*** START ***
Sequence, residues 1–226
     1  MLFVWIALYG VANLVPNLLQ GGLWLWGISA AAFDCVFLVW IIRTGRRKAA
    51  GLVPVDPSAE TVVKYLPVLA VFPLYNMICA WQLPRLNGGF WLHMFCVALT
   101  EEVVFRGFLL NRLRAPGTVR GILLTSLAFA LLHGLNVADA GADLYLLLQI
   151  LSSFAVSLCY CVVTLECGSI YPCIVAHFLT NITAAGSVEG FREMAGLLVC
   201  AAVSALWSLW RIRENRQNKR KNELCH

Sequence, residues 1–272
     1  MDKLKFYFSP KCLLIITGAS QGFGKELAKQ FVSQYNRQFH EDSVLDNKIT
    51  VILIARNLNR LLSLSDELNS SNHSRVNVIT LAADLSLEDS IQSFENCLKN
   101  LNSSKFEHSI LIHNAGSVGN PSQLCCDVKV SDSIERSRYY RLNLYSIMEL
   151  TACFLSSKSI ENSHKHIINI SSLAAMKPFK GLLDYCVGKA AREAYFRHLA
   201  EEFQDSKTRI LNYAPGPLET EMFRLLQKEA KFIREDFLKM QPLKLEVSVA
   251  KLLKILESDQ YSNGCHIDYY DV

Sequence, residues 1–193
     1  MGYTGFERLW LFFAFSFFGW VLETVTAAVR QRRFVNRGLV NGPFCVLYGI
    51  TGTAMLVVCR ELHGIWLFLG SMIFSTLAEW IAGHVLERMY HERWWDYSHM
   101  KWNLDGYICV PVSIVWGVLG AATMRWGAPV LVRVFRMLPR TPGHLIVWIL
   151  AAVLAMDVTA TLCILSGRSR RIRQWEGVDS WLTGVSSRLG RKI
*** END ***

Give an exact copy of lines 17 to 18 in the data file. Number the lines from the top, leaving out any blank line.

   101  KWNLDGYICV PVSIVWGVLG AATMRWGAPV LVRVFRMLPR TPGHLIVWIL
   151  AAVLAMDVTA TLCILSGRSR RIRQWEGVDS WLTGVSSRLG RKI